Addiction of anti-CD28 antibodies restores PBMC proliferation and IFN-gamma production in lepromatous leprosy patients.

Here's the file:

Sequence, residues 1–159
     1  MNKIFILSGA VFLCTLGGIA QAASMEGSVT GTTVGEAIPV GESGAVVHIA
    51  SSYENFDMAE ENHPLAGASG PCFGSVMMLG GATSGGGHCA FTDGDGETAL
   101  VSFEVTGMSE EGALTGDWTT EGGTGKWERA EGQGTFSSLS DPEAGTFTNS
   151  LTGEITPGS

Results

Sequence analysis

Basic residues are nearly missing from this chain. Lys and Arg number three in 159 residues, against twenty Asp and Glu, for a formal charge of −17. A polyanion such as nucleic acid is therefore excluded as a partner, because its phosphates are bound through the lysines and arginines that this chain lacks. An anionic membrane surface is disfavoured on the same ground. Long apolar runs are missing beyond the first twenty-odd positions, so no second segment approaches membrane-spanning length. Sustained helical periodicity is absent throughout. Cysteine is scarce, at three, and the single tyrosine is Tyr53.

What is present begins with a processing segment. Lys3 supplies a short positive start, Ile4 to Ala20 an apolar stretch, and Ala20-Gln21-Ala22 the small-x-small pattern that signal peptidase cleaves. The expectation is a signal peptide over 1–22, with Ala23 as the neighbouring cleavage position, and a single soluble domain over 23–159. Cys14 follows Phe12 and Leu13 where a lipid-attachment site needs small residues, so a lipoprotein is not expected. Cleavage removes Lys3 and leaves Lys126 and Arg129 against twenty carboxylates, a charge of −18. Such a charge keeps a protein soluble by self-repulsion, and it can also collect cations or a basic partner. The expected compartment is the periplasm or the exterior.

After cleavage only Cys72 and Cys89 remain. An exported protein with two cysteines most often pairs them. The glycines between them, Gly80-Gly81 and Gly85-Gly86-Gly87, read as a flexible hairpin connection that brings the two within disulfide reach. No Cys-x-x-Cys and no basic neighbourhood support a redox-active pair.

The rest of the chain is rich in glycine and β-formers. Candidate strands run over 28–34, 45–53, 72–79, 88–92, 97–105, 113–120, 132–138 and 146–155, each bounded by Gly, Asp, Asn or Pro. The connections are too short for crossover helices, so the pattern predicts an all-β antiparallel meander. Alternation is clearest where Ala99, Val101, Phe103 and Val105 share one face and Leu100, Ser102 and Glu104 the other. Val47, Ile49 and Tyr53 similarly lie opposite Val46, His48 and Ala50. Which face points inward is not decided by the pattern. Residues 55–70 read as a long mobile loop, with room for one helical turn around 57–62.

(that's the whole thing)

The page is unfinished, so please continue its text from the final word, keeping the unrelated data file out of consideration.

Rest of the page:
During antigen recognition, T lymphocytes are primed by a physical interaction with antigen-presenting cells (APC). At least two signals are needed to activate T cells. One is provided by T cell receptor (TCR)/CD3 in the context of the mayor histocompatibility complex (MHC), and another signal is mediated by antigen-independent molecules, that is T cell membrane-bound CD28 and its specific ligand B7-1 (CD80) present in APC. Both signals trigger a series of metabolic events initiating right at the cell membrane and ending with activation and proliferation of T cells as well as specific cytokines synthesis. Our main goal was to determine whether deficiency in interferon-gamma (IFN-gamma) production shown by peripheral blood mononuclear cells (PBMC) from lepromatous leprosy (LL) patients, could be overcome by reconstituting in vitro the appropriate signals (by means of addition of anti-CD28 and anti-CD80 monoclonal antibodies). We also determined the stimulation index (SI) in the same PBMC. Our results demonstrated no significant differences in CD80 expression monocytes and B lymphocytes from LL patients when compared with healthy subjects. Nonetheless, CD28 expression significantly decreased in lymphocytes from LL patients (p < 0.01). Regarding IFN-gamma levels and SI, LL-PBMC failure before mitogenic stimuli could be reversed by further incubation with anti-CD28 antibody, but stimulation by specific antigen of Mycobacterium leprae was not changed. Addition of anti-CD80 antibody significantly increased IFN-gamma levels in phytohemagglutinin (PHA)-stimulated PBMC, although proliferation deficiency persisted. Cells stimulated with specific antigen did not modify either their proliferation or IFN-gamma levels.